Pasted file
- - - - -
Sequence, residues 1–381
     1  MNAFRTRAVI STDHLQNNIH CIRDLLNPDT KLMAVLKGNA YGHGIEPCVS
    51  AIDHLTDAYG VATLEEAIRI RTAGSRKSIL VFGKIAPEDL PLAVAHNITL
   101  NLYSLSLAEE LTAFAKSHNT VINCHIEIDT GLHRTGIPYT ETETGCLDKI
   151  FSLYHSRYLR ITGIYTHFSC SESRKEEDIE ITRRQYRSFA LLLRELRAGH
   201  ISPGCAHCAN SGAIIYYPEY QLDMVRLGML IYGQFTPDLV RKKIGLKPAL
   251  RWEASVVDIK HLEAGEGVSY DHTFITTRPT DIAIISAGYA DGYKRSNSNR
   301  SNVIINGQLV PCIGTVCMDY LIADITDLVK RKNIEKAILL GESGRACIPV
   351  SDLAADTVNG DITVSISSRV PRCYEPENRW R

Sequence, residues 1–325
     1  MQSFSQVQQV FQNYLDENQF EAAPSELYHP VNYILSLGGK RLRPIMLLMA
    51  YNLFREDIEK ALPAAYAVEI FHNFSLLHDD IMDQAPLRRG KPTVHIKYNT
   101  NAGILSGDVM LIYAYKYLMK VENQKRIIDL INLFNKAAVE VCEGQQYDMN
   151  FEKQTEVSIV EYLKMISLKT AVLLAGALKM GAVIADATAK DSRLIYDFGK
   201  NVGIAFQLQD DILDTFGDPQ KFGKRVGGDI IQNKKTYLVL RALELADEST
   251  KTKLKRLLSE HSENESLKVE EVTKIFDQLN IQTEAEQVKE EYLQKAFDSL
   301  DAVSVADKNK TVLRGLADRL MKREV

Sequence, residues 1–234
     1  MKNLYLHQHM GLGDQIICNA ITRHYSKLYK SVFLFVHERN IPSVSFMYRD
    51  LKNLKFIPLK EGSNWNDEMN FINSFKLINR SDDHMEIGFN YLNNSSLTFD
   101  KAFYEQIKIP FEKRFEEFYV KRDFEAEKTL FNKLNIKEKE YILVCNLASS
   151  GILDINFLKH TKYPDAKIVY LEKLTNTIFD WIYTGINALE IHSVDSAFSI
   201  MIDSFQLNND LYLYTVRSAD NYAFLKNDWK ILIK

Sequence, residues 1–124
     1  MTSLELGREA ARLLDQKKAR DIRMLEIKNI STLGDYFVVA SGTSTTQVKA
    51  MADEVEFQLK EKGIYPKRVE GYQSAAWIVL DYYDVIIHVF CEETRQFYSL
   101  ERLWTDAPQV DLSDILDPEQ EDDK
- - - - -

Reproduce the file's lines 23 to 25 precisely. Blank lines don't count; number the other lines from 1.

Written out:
   201  MIDSFQLNND LYLYTVRSAD NYAFLKNDWK ILIK

Sequence, residues 1–124
     1  MTSLELGREA ARLLDQKKAR DIRMLEIKNI STLGDYFVVA SGTSTTQVKA